The near-three-hour running time of Saving Private Ryan might seem daunting, but rest assured that this skilfully-assembled movie never drags for a moment - in fact, the film seems substantially shorter than it actually is. If you’ve been avoiding Saving Private Ryan because you don’t like war movies, think again. While most certainly set against the background of a bloody World War 2 conflict, this is a human drama first and a war adventure second - though squeamish viewers should be warned that there are some very brutal scenes here (though it does seem ironic in some way that the Australian censors labelled this film with an MA rating for “graphic war scenes” - graphic they may be, but gratuitous they most certainly are not).


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The preparation begins.
If ever there was a challenging movie to transfer well to DVD, Saving Private Ryan is it. Cinematographer Janusz Kaminski’s extensive use of high speed film, fast shutter speeds and unconventional film processing means that not only is there a fair amount of film grain visible in many scenes, but there are also several lengthy sequences - particularly the opening and closing battles - shot almost entirely with hand held cameras operating at very high shutter speeds. This means that every single frame of the film appears razor-sharp and detailed, rather than the semi-blurred images that make up a normally photographed movie. The visual result is stunning and exciting - the technique creates a sense of heightened reality that transports the viewer right into the middle of the action. But with so many sharply defined frames to encode in such a long movie, the people doing the authoring of this disc were in for a challenge.

Reportedly, the compressionists who handled Saving Private Ryan’s DVD encoding spent several long days on it, making sure they delivered as faithful a final product as possible. And looking at the R4 disc, there is no reason to think that this MPEG stream didn’t come from the same compressionists - in terms of compression quality, it’s as good as identical to its R1 counterpart (and encoded at a near-identical average bitrate). The film-to-video transfer, too, was almost certainly done by the same telecine team (with, of course, the obligatory change in frame rate for PAL shortening the film’s running time slightly).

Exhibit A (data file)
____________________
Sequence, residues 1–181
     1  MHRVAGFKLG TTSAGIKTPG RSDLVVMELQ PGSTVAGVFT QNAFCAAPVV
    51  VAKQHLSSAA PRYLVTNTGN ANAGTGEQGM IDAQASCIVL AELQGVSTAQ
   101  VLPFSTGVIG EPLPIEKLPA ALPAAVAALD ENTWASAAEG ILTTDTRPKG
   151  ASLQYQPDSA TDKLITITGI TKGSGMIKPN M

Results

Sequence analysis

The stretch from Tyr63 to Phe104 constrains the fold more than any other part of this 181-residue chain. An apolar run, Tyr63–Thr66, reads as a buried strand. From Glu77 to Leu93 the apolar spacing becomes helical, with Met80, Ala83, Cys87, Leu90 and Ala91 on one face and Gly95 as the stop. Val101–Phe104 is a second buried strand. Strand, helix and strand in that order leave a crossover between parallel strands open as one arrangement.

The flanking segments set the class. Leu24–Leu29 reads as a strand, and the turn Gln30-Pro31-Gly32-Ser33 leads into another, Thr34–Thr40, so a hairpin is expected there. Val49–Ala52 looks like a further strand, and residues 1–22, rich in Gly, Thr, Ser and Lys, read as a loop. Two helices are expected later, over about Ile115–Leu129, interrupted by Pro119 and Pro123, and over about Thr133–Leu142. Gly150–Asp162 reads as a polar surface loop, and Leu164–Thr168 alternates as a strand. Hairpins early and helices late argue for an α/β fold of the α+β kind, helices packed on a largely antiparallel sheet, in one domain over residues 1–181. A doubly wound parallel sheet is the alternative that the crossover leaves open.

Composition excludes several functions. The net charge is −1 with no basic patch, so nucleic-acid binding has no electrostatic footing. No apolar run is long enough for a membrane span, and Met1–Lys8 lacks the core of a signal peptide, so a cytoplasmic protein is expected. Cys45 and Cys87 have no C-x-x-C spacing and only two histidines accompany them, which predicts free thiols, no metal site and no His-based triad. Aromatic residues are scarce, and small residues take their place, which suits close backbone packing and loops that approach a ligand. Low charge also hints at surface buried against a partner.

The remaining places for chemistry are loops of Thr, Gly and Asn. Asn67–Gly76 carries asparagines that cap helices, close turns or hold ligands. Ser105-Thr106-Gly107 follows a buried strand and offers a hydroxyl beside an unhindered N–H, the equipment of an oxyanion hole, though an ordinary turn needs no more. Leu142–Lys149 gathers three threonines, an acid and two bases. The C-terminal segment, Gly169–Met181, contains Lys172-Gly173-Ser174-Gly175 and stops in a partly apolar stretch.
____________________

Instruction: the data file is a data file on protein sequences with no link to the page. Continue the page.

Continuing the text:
Which of course means that R4 customers are in for a treat. Not only is the transfer to video as crisply defined and true to the director’s intentions as the R1 version, the 16:9 DVD video compression is as good as - if not slightly better than - the original US disc. The real bonus here, though, is obvious during the many slow dolly and tracking shots that Spielberg uses throughout the film. On the R1 disc, these frequently resulted in a very visibly juddering image, thanks to the evils of the “3:2 pulldown” method that has to be used in NTSC to turn 24 frames per second into 30. On the R4 disc, though, these shots are as smooth as silk, and that’s more important with this film than you’d think. One good example for comparison purposes is the scene during the film’s prologue of a slow crane-mounted pan shot across a field of white crosses - keep an eye on the foreground in the R1 version, then compare it to the new R4 disc and feel happy.

Some concern was raised at the time of the R1 release about the vertical “streaks of light” seen from time to time throughout Saving Private Ryan. These, though, are not compression artefacts - they were a by-product of the unusual film processing used for much of the movie, and were left in the final film completely intentionally.

Incidentally, the disc’s aspect ratio was incorrectly listed on the back of the Dreamworks R1 disc as 1.85:1 - the actual transferred ratio is 1.78:1, which Paramount correctly signify on their R4 back cover.


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Total Chaos!
With the legendary Gary Rydstrom as sound designer and both he and Gary Summers participating in the sound mix, this was always going to sound good. And those with big-budget surround audio will find this a veritable thrill ride - bullets ricochet around the sound stage during battles and explosions thunder from all directions, while the sound of approaching German tanks later in the film will test the hardiest subwoofer as well as the structural quality of the building you live in. But even the less chaotic sections of the film are graced with wonderfully subtle and realistic sound effects to accompany the crystal-clear dialogue. This is a truly immersive audio experience, and the audio track does as much to place the audience in the film’s world as the images do.